Dubnow’s articles and An-sky’s expeditions encouraged the Jewish intelligentsia of 1913 Vilnius to establish the Society of Jewish Antiquity Lovers. From the outset, members of the Society had a clear goal of establishing a Jewish Museum in Vilnius, and thus, through expeditions, purposefully collected material and exhibits for it. The Jewish Museum was opened in Vilnius in January 1914. Unfortunately, the outbreak of World War I brought the society’s activities to an end, and almost all of the exhibits and notes stored in the museum were destroyed. The name of the Museum’s Department of Architecture, Applied Arts and Crafts suggests that synagogues were also in the Museum’s focus (Зaлменcoн 1914). Members of the Society are known to have photographed synagogues and cemeteries, but today it cannot be established whether any research, measurements and descriptions of synagogues were also performed or not.

3. Vilnius Area in the Interwar Period

After World War I ended and Lithuania regained independence, the situation in the Vilnius area remained unstable. At the end of 1918, after the German army left Vilnius, the city ended up in the hands of Polish nationalists for a short while. Starting with 1919, the Lithuanian–Belarusian Socialist Republic (Litbel) existed in the Vilnius area for several months. The Communists were again ousted by Polish forces and on 10 July 1920 Vilnius became part of Lithuania. On 24 March 1922, the Polish Parliament officially annexed the Vilnius area to Poland.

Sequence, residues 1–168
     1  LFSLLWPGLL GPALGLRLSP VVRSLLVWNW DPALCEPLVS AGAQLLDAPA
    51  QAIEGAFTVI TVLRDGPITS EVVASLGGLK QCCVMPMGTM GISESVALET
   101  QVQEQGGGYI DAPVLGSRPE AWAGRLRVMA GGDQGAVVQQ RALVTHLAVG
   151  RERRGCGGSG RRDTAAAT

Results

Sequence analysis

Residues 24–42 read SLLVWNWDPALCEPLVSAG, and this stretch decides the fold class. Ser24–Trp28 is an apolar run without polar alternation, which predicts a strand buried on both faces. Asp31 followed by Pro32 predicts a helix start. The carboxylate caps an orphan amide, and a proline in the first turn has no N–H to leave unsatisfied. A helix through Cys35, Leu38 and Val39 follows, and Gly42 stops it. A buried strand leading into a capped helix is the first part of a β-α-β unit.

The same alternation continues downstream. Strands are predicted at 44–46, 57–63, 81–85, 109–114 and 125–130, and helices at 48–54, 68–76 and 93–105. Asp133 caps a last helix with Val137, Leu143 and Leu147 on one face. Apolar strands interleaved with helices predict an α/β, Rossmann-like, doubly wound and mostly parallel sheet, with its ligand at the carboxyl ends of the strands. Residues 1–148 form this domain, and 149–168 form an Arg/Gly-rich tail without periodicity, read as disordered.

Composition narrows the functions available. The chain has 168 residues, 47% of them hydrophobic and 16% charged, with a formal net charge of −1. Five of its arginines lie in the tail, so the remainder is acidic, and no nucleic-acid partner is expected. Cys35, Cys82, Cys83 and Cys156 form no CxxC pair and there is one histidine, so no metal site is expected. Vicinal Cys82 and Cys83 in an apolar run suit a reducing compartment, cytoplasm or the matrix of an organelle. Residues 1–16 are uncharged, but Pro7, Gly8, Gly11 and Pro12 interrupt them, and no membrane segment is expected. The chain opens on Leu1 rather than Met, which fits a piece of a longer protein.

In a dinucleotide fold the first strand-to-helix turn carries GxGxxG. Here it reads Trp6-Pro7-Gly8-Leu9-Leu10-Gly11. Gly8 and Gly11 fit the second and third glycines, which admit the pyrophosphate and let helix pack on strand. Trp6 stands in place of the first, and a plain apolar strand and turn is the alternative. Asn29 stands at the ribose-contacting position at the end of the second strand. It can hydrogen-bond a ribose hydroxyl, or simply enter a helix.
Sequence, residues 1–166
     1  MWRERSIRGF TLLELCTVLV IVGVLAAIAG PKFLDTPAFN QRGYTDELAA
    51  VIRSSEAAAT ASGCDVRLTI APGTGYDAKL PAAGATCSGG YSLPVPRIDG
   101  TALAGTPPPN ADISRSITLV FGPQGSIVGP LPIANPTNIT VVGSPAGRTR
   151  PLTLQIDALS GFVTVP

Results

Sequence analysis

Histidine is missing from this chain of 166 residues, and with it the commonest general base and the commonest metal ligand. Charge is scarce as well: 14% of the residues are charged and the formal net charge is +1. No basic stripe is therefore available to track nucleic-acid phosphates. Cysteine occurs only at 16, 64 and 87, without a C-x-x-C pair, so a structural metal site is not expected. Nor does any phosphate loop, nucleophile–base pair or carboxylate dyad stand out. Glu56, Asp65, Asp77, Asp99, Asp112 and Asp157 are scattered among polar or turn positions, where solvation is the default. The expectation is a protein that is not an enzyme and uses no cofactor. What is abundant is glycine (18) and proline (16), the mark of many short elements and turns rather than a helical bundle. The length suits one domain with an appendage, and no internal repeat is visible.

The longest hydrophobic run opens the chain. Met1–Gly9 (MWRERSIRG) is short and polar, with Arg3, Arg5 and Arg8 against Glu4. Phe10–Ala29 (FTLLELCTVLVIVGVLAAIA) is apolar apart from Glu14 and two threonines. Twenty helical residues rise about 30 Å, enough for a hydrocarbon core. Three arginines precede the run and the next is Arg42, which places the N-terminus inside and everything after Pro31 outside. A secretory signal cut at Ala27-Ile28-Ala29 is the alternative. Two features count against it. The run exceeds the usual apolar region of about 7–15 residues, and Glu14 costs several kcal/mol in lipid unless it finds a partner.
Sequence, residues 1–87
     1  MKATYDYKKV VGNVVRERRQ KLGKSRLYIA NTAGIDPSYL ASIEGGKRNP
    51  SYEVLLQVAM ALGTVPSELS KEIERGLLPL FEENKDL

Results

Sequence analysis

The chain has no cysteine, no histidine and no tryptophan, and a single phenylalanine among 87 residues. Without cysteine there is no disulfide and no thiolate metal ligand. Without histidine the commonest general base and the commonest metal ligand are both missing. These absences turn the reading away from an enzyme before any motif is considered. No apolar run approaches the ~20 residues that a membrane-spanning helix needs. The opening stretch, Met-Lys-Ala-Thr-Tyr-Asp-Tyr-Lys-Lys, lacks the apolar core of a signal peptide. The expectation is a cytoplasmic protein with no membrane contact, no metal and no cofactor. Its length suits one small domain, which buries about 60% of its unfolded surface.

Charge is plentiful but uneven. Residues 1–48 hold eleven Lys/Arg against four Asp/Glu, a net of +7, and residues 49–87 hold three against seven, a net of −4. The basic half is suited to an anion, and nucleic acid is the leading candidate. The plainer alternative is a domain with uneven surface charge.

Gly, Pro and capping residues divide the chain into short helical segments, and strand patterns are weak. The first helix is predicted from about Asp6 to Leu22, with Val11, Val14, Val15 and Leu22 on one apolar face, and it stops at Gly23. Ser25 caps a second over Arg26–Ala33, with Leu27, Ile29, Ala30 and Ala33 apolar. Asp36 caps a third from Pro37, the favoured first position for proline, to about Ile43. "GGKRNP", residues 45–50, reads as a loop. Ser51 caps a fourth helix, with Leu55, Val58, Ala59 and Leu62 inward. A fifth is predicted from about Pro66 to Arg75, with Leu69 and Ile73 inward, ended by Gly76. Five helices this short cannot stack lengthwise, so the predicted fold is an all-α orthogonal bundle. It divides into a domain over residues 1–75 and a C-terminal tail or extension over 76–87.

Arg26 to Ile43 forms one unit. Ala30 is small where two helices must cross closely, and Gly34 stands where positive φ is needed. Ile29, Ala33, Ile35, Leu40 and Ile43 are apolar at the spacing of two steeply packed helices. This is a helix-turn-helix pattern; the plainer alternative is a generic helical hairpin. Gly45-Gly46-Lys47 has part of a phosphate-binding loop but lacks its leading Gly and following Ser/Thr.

Even though the political situation was constantly changing, cultural life in Vilnius continued and intensified, especially when Solomon An-sky was forced to leave Bolshevik Russia and move to Vilnius. In 1919, thanks to the efforts of An-sky, the Jewish Historical-Ethnographic Society was established in Vilnius and the Jewish Museum was restored (Lunsky 1996). The Museum’s staff collected many valuable exhibits (3000 items and over 100,000 other valuables), but little attention was paid to synagogues (Goldshmidt 1939). The attention to synagogue architecture was limited to their photography.
The search for articles in the interwar press published in Vilnius in Polish, Russian or Lithuanian and analysing the architecture of synagogues in Vilnius region was not successful. Nonetheless, occasionally, messages of an informative nature appeared there, too. For example, according to the newspaper Vilniaus Žinios, at that time there were 97 Jewish prayer houses in Vilnius.5 There are a couple of dozen articles on Vilnius synagogues in encyclopedias published in various languages, as well as in Yiddish and Hebrew newspapers. Heikel Lunsky (1881–1942/43), An-sky’s colleague, named 80 private houses of prayer (kloyzn) and described the Great Synagogue of Vilnius and shulhoif in Yiddish in the book From the Ghetto of Vilna: Figures and Pictures (1920) and also in Hebrew in the four issues of the newspaper Ha-tsefirah (1921) (Lunsky 1920, 1921). In 1939, Zalman Shik’s tourist guide to Vilnius and its surroundings in Yiddish titled 1000 Year Vilna was published (Shik 1939). It included descriptions of several synagogues in Vilnius.